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Sweet Acacia - Vachellia farnesiana

Sweet Acacia - Vachellia farnesiana

PriceFrom $10.00

Status in Florida: Native

•Size at Maturity: Sweet Acacia typically grows as a small to medium-sized deciduous shrub or small tree, reaching heights of about 10 to 20 feet tall, occasionally up to 30 feet.

•Phenology: Deciduous shrub or small tree with fragrant yellow flowers that bloom in late winter to early spring. Nitrogen fixing.

•Life Cycle: Perennial

•Bloom Season: Late winter to early spring

•Deciduous, Dioecious, Evergreen: Deciduous

•Sunlight Requirements: Full sun to partial shade

•Soil Texture: Well-drained sandy or loamy soils; tolerant of various soil types

•Soil pH: Tolerant of a wide range, but prefers slightly acidic to neutral (pH 6.0-7.5)

•Moisture Requirements: Tolerant of drought once established; prefers well-drained soil

•Tolerance to Salt Spray: Low tolerance

•Recommended Landscape Uses: Native plant gardens, xeriscapes, coastal gardens, naturalized areas

•Maintenance Tips: Low maintenance; prune as needed to maintain shape and remove dead or damaged branches; minimal pruning is typically required

•Considerations: Sweet Acacia is valued for its fragrant flowers, which attract pollinators such as bees and butterflies, as well as its tolerance of drought and salt spray.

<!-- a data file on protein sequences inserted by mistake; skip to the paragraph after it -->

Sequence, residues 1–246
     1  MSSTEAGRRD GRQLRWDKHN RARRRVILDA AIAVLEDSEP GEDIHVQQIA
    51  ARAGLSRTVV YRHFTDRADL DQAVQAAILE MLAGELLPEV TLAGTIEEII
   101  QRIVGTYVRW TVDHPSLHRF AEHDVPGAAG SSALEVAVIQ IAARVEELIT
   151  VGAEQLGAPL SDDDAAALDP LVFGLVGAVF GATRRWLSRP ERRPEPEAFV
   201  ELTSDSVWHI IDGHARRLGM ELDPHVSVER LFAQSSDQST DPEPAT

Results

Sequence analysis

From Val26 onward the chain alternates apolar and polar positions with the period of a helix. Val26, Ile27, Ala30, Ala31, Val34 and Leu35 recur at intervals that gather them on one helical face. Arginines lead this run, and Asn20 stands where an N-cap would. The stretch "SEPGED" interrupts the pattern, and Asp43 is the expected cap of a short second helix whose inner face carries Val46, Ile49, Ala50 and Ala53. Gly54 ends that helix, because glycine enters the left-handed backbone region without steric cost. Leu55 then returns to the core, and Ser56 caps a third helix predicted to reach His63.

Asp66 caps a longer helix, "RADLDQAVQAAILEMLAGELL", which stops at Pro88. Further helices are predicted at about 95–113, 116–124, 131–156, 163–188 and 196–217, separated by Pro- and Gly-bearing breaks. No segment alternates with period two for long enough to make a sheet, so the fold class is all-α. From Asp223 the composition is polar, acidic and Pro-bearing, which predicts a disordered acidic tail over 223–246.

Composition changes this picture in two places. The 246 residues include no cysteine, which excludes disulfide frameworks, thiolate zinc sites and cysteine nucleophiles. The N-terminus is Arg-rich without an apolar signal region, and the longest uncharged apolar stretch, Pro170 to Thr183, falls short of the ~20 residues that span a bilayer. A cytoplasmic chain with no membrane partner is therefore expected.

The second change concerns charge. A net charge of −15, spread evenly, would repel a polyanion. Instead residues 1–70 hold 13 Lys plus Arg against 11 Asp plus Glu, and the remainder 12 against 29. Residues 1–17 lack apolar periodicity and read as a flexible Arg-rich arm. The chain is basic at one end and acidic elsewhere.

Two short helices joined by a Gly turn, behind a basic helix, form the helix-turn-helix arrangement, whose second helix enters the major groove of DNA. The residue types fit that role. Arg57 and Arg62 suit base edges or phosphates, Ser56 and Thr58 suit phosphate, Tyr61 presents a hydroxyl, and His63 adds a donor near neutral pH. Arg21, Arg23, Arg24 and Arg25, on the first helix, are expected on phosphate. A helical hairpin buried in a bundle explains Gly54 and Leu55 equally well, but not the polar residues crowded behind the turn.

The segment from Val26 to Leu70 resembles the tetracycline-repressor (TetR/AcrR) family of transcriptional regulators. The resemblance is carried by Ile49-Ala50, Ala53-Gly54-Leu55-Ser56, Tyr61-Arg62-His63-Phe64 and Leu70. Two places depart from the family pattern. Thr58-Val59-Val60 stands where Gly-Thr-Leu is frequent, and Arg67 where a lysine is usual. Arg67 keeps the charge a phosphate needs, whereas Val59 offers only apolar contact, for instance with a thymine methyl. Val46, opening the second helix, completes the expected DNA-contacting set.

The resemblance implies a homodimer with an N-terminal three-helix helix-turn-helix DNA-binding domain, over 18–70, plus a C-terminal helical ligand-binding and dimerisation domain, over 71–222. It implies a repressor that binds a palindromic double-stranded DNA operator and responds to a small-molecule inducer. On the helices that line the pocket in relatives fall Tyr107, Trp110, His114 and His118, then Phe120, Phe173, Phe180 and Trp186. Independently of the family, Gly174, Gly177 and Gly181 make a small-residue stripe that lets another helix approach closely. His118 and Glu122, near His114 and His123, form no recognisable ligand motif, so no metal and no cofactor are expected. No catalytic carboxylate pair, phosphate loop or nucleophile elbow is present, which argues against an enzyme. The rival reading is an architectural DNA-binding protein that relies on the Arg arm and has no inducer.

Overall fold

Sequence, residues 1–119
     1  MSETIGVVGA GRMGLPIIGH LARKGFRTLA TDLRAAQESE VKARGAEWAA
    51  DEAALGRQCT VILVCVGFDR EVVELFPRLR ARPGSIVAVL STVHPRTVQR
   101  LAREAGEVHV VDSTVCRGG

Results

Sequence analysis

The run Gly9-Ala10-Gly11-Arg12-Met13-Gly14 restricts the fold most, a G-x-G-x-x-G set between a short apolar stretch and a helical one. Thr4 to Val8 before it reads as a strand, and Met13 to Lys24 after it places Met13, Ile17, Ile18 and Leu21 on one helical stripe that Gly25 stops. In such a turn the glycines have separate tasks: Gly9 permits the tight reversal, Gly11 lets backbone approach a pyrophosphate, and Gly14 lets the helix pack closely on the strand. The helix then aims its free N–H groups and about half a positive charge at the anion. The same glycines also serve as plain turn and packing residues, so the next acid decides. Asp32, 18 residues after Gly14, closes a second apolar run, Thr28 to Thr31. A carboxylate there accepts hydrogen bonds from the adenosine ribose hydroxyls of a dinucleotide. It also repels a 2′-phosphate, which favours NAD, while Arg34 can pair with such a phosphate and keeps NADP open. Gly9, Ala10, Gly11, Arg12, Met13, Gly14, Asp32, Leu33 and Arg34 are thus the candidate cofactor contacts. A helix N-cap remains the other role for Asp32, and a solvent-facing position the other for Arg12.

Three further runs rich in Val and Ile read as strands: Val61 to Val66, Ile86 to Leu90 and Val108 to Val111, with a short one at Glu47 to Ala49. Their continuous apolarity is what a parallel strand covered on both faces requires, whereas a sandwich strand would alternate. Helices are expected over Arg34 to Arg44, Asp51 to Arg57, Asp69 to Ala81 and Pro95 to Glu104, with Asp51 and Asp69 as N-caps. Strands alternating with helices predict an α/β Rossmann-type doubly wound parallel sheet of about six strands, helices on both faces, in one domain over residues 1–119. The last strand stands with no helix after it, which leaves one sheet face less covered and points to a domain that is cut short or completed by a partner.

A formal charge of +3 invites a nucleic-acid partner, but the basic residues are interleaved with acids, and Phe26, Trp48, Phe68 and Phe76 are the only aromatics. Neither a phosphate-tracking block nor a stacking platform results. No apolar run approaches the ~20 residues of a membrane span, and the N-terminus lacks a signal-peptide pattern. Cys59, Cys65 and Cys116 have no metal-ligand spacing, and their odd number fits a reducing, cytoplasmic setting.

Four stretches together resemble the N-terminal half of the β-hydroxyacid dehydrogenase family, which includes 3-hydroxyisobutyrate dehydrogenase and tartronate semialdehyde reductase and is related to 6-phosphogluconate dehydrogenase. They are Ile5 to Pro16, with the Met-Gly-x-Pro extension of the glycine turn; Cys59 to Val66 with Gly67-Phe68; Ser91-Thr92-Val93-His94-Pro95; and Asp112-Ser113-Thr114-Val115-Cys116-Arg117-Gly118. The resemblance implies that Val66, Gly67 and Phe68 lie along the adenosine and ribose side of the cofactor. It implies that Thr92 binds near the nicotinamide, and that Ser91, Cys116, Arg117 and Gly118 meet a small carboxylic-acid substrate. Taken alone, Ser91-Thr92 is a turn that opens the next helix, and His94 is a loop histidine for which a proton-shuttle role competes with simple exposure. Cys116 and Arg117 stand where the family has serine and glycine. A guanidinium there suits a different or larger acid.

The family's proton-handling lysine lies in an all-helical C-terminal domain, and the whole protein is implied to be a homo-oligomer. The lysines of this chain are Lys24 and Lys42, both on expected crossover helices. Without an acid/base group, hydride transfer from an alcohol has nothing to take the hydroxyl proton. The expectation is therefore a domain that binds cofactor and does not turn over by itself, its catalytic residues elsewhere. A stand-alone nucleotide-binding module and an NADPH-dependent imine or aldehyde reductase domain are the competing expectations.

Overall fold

•Deer and/or Rabbit Resistance: Moderately resistant; typically not preferred by deer or rabbits

•Edible: While not typically consumed by humans, Sweet Acacia seed pods are edible and can be used in various culinary preparations.

•Medicinal Uses: Historically used by Native American tribes for various medicinal purposes, although specific uses may vary.

•Toxicity to Pets: Not known to be toxic to pets, but ingestion of large quantities of plant material may cause gastrointestinal upset.

•Florida Native Companion Plant: Sweet Acacia is often found growing alongside other native plants in coastal habitats, including species such as Sea Grape (Coccoloba uvifera) and Seagrape (Vitis tiliifolia).

•Wildlife Benefit: Provides habitat and food for birds and other wildlife; the flowers attract pollinators such as bees and butterflies.

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